Phoenix Zerin is an American expat living in Chile. He initially moved to Santiago as part of a five-year plan to experience life abroad. For now, he calls this South American country his home, but over the next few years, he also plans to explore life in Asia and Eastern Europe. He has also begun a podcast series, Five Years AbroadCAST, for those looking for a guide on how to plan and execute a successful strategy for living abroad.
Q: Where are you originally from?
A: I was originally assembled in the United States. I moved around a bit while I was living in the US, but most recently, I lived in Texas.
Q: Where are you living now?
A: Currently, I’m in the Las Condes comuna in Santiago de Chile.
Q: When did you move here?
A: Oh goodness. Let’s see… I arrived in November of last year, and except for a… um, failed attempt to live in Paraguay early this year, I’ve been in Santiago for eight months.
Q: Did you move with a spouse/children?
A: Negative. There’s just me. At the moment.
Q: Why did you move; what do you do?
A: Two huge questions together! Let’s start with why I moved.
So about two years ago, I was what you might call – statistically speaking – a “typical American”. I didn’t have a passport, my work was in the US, my investments were in the US — my whole life was in the US. And I really didn’t think about it; maybe one day I would take an international trip or something, but I would have been just as happy to visit Hawaii. I mean, it’s such a big, scary world out there!
Well, in late 2011, everything changed.
I came across a website called Sovereign Man, a site that was built for people who want to internationalise their lives — foreign bank accounts, dual citizenships, offshore businesses, that sort of thing. And it got me wondering — all this time, I’d been living in this teeny tiny part of the world… was I absolutely sure that this was the best place with all the best opportunities for someone like me?
So I made a promise to myself: I promised myself that by the end of 2012, I would be living outside the US, and I would stay out for at least five years. I would spend two years in South America, two years in Asia and Oceania, and the last year in Eastern Europe. I would live in as many places as I could, and when I was done, I would decide where in the world to call “home”.
On 26 September 2012, I started my Five Years Abroad. It’s a day that I will remember for the rest of my life — because it’s the first day I really started to live.
As for what I do. So, when I was living in the US, I was a career software developer. When I left to live abroad, I wanted to see if I could transition to entrepreneurship.
Three failed businesses later, I’m now doing freelance software development.
I’m still trading time for money, but now I’m doing it on my own terms. I spend three days a week working to pay expenses, and that leaves me with four days free to do…well, whatever I want. Work some more to earn a little more money, travel, publish a podcast episode, explore the city… anything I want!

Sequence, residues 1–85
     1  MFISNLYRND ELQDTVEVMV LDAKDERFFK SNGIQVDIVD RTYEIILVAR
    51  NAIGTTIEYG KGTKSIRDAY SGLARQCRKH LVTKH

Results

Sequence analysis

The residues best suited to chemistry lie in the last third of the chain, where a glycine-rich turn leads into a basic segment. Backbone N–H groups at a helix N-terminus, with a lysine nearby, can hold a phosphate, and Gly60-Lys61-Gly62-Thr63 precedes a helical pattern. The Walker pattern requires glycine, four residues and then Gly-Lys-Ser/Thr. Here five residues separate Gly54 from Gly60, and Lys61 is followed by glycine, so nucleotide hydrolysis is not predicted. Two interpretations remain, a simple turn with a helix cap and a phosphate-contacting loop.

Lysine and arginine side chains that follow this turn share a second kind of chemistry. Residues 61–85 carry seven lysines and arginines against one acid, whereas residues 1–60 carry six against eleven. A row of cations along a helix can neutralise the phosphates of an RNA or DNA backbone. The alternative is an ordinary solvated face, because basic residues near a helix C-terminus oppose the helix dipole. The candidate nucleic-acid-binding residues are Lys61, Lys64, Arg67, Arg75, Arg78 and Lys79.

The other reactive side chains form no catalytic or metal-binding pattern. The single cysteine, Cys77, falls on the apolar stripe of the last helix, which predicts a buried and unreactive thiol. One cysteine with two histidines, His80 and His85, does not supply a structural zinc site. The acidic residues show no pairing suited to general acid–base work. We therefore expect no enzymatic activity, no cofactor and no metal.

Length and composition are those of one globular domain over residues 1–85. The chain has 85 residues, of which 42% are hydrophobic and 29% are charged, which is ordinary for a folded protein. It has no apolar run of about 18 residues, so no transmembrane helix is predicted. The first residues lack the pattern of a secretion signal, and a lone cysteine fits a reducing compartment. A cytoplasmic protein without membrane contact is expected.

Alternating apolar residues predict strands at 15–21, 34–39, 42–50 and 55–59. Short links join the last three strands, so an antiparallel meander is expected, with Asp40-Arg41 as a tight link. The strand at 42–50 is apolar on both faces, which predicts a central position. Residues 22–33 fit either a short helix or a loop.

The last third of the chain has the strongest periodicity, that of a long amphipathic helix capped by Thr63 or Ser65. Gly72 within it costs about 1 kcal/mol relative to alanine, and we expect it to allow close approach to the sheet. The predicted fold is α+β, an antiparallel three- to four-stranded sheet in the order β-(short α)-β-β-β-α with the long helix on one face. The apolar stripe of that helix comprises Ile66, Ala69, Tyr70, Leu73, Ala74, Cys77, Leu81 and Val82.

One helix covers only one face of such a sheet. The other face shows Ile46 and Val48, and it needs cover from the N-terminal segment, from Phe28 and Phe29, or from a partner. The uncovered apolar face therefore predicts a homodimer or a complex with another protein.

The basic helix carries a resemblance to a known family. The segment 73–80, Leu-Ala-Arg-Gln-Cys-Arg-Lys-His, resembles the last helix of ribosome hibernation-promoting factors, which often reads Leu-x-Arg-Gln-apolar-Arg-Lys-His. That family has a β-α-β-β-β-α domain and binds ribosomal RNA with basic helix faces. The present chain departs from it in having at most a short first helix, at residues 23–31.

At some point, I want to get back into launching a product-based business, but until the right opportunity comes along, I’m really happy with how things are turning out!
Q: What do you enjoy most about Santiago, how’s the quality of life?
A: Man, I love Santiago! I’ve lived in a few cities in South America so far, and Santiago is my favourite. I’ve met so many awesome people here. People come to Santiago because they want to create something, because they want to build something. So I’ve met a ton of entrepreneurs, professionals and businesspeople. It’s been fantastic.
Santiago is a very modern city with plenty of infrastructure. With a few exceptions, it’s almost the same standard of living here as what I was used to in Dallas back in the States.
There are a lot of differences between here and the States — and I don’t just mean the Spanish! But it is definitely a comfortable and safe place to live.
Q: Any negatives? What do you miss most about home?
A: “Home” is kind of an ambiguous concept for me. I never really felt like I was home when I was living in the US. To be honest, Chile feels much more like home to me than the States ever did; in fact, when I moved to Asunción in Paraguay earlier this year, I actually got homesick for Santiago!
There’s a lot of reasons for that, and I’ve been exploring them in my podcast series. Without giving too much away, let’s just say that the problem wasn’t where I was; the problem was who I was…or more accurately, who I was forced to be when I was living in my culture of origin.
But anyway, negatives about Santiago. Let’s see here.
Chilean culture takes a little bit of getting used to. I’ve encountered a fair amount of passive aggression that I don’t think was intentional; it’s just sort of how Chileans have been taught to handle negotiation and confrontation. I’m still in the process of learning how to not take that personally, but in the meantime it is a little frustrating.
Also, food tends to be expensive here. There are a lot of places you can eat and buy groceries that are really cheap — but you’re gonna need Spanish to shop there! (laughs)
Q: Is Santiago safe? Are there any areas expats should avoid?
A: Yes, and yes. Next question?
Ok, I’ll go into a little more detail.
Generally speaking, Santiago is a very safe place to be. I’ve never had any problems the whole time I’ve been living here, and although I know a few people who have been robbed, it was always snatch-and-run crimes. No violence.
If you are in a place like Las Condes, El Golf, Ñuñoa, Providencia… basically the northeast part of the city, you will have no problems at all. Gringos can take out their Apple computers and work at a coffee shop — and yes, don’t worry; they do have Starbucks down here!
If you start going west towards the downtown area, you don’t really have to worry about violent crime unless you’re out at like 3am. But there are some pickpockets that work the area, and you want to be careful when you’re talking on your phone that somebody doesn’t grab it from you and take off running.
It’s really not that bad, though — I’ve spent a decent amount of time downtown and never had a problem.
If safety is a concern, you will be very comfortable in Santiago — I mean, once you get past the “holy @#$% everything is different and scary!” phase.
Q: How would you rate the public transport in Santiago? What are the different options? Do you need to own a car?
A: Well, you don’t need a car here. It helps, though; public transport is a pain. I’m saving up for a motorcycle, and I can’t wait!